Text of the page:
yahooyahoo said:

Holy crap. The ex-wife has no legal attachment to the mortgage but she's making the monthly payment? Whose name is on the mortgage? Does the mortgage holder have a legal agreement that says the ex-wife pays the mortgage? If not, what's forcing her to make the payments? She could stop making payments and turn this into a bigger mess.
conandrob240 said:

There's no rent. The ex wife pays the mortgage through her own salary, her parents gifts and the money she gets in child support. All he pays is the standard child support he'd pay for 3 kids regardless of where she lived. He doesn't understand how that works either. He thinks he will owe her less money when the house is sold. By state law, he will owe her exactly the same amount. But he will be free from the mortgage and presumably able to get one for his new home. That's the desire, I think. Or maybe he truly believes he "pays the mortgage" and not child support. He's kind of an idiot.

If she stops payments, it might be possible for the landlords to evict her. I am guessing mortgage is a fair amount or rent.


I would like to say this man wouldn't try to evict his children but I now wouldn't put it past him. I am glad to know there would be a legal and lengthy battle for this to happen.


We are talking about a 4-5 month delay here...this is really petty that the one party wants to force this 4-5 months earlier.


How about giving the tenants a written lease through June 30, but putting it up for sale. That way they can start getting potential buyers...but the lease would be valid through June


there is only one person with urgency. One party doesn't want to start getting potential buyers. They agreed to a plan to protect the oldest child from having his senior year disrupted. That was the plan. They ex- husband wants to change that because he now has a baby due in February. So he is trying to bully the ex-parents-in-law ( and also being verbally abusive to them in the process). Threatening with this "forced sale" nonsense. I say give him what he wants- a forced sale and let it drag on for two years. Ideally, the super- sensitive middle child could finish her final year in her elementary school so a 2 year delay would make most of the interested parties much happier.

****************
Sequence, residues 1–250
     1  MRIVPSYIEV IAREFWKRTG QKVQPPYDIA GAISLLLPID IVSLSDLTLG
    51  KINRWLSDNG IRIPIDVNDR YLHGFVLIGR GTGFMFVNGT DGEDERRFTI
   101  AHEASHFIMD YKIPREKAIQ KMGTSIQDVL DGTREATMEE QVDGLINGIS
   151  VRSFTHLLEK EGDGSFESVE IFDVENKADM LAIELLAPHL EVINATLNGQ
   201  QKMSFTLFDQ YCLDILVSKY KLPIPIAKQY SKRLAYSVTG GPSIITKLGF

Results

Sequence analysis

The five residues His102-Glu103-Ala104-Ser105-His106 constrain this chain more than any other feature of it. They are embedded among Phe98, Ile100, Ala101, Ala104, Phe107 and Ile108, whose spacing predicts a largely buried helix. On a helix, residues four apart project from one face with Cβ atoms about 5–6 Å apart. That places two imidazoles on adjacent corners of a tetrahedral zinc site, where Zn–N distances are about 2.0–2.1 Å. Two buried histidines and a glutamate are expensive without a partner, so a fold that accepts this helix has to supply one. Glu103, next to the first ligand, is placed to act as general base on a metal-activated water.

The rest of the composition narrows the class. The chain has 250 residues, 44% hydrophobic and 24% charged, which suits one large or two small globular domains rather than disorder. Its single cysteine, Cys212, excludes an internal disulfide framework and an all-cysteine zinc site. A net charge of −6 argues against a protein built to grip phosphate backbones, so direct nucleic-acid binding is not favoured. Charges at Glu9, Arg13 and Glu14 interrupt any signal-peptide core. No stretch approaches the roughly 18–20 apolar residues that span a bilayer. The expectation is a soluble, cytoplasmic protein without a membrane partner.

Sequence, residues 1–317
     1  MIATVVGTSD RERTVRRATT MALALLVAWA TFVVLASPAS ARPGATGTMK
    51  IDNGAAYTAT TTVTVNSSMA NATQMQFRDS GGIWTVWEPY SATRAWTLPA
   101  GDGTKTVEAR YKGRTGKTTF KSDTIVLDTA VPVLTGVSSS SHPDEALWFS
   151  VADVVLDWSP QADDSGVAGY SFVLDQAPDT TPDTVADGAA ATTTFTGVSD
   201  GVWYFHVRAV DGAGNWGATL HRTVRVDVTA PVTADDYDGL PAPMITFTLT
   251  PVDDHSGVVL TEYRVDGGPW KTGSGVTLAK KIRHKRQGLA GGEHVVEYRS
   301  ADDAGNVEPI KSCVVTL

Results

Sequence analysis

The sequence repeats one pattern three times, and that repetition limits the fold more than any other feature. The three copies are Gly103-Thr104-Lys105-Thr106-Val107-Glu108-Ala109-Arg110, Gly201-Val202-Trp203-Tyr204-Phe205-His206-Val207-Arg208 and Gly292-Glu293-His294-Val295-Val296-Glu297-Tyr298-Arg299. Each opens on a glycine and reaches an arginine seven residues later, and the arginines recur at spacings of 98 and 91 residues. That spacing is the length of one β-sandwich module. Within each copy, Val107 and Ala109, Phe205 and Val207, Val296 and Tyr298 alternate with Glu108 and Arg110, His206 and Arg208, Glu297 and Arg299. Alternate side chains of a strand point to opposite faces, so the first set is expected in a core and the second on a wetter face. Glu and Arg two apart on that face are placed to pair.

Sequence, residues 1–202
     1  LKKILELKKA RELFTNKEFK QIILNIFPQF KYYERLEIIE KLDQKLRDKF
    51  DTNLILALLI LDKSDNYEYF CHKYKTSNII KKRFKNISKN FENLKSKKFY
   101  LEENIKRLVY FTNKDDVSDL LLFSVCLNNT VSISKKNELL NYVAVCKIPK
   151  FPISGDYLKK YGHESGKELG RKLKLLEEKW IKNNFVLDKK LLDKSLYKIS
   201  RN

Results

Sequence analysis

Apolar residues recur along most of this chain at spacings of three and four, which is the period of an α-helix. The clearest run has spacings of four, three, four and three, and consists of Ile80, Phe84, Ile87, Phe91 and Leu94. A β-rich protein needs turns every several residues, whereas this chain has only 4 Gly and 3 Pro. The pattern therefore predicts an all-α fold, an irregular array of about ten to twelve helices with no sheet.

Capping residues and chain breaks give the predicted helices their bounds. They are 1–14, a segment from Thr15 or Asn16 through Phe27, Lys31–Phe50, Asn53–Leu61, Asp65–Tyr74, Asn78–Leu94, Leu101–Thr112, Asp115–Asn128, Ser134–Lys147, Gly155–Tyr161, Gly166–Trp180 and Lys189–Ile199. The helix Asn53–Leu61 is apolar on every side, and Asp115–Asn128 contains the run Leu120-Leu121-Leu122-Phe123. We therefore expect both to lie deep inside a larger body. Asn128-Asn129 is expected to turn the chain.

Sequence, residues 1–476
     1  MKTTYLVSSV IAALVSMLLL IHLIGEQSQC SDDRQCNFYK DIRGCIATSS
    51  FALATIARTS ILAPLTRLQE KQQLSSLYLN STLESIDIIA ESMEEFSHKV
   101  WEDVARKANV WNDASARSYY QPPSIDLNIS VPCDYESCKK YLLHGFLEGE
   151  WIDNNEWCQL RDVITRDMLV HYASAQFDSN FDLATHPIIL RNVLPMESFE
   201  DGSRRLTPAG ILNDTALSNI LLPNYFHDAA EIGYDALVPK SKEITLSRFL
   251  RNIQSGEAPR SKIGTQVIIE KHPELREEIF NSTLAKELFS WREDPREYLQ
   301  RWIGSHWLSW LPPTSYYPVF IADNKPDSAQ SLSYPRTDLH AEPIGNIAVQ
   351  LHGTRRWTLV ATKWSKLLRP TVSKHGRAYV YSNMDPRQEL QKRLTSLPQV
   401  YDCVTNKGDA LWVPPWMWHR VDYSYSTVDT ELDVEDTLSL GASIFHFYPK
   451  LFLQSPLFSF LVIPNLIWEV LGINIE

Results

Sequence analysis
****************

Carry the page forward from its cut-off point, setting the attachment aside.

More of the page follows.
they can't write up a lease without both owners co- signing it right? That was our understanding from the lawyer. That's why there is no formal lease.


the other amusing part about this is that there really isn't much value in the house. It's worth, at best, $60k above what's owed on the mortgage and that would be if it were in very good condition (it's not). There's going to be a significant amount of work needed and permits needed to bring it to code to sell it, then closing costs, legal and realtor fees. They'll be lucky if they each walk away with $5 or 10k. He must have some mistaken idea of the value. Again, he's an idiot. It'll be fun to see the look on his face after dragging it out for potentially 2 years and hi getting his "cut" of $1000


a forced partition sale will bring in even less dollars. it brings out the bottom feeders just like foreclosure. another reason for a negotiated solution.


dave said:

Wow. What company is this that underwrites the legal costs of private civil disputes?

It's called a prepaid legal plan, and a lot of companies have it. It's for routine things like real estate transactions, wills, basic legal advice, etc. Usually not for big things like medical malpractice, product liability, etc.